The basic solution
- Grab managed stack traces of each managed thread.
- Grab basic thread statistics for each managed thread (user mode and kernel time)
- Wait a bit
- Repeat (1-3)
- Analyze the results and find the threads consuming the largest amount of cpu usage, present the stack traces of those threads to the user.
Managed Vs. Unmanged Stack Traces
There is a big difference between managed and unmanged stack traces. Managed stack traces contain information about actual .Net calls whereas unmanaged ones contain a list of unmanaged function pointers. Since .Net is jitted the addressed of the unmanaged function pointers are of little use when diagnosing a problem with managed applications.
How do you get an unmanaged stack trace for an arbitrary .Net process?
There are two ways you could get managed stack traces for an managed application.
- Use CLR profiling (aka. ICorProfiler API)
- Use CLR Debugging (aka. ICorDebug API)
What is better in production?
The CLR Debugging APIs have a very important advantage over the profiling ones, they allow you to attach to a running process. This can be critical when diagnosing performance issues in production. Quite often runaway CPU pops up after days of application use due to some unexpected branch of code executing. At that point of time restarting the app (in order to profile it) is not an option.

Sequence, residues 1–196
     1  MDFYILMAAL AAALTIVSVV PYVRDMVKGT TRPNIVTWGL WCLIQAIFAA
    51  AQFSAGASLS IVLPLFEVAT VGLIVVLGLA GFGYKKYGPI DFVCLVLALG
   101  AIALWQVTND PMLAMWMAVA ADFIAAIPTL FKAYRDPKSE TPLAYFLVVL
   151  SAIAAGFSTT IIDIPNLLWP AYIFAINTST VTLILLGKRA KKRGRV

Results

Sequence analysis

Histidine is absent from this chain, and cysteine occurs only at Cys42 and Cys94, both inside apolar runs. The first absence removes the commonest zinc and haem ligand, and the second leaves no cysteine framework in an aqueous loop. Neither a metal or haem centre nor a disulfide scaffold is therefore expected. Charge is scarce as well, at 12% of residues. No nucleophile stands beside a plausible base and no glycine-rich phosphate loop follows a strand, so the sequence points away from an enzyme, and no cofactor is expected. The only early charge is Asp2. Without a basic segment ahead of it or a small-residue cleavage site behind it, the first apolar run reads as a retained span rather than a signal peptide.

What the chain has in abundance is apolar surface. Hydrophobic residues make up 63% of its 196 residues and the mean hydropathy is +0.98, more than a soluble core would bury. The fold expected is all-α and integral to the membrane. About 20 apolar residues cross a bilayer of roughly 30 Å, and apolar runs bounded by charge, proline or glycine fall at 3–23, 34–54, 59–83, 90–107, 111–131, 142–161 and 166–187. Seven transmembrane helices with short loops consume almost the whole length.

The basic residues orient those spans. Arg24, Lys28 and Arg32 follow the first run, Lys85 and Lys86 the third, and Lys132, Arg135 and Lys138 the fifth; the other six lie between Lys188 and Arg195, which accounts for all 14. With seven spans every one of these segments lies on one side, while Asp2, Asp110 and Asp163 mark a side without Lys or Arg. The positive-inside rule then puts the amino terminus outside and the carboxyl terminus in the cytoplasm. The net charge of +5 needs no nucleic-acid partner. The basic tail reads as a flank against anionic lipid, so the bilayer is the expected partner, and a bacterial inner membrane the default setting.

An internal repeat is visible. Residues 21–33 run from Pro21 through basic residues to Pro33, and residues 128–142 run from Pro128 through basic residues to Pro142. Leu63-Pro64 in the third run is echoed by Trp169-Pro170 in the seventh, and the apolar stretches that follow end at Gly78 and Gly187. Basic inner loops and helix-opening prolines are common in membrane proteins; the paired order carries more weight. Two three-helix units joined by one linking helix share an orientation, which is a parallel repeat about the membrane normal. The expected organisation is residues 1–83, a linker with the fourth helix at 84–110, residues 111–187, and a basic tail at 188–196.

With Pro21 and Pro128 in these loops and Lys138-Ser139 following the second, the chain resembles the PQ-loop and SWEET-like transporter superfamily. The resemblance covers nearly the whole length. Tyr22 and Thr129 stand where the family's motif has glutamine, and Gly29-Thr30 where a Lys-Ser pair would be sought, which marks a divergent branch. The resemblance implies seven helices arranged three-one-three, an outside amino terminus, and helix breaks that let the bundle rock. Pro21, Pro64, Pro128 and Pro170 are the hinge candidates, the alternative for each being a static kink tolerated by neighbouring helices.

So, I wrote a little tool that has no-installer and performs the basic solution above using ICorDebug. Its based off the mdbg source which is all merged into a single exe.
It takes a configurable (default is 10) number of stack traces for all managed threads, at a configurable interval (default is 1000ms).
Here is a sample output:
Kernel Time: 0 User Time: 89856576
... more data omitted ...
Feel free to give the tool a shot. It can be downloaded from my blog.
Here is a thread showing how I use cpu-analyzer to diagnose such an issue in a production app.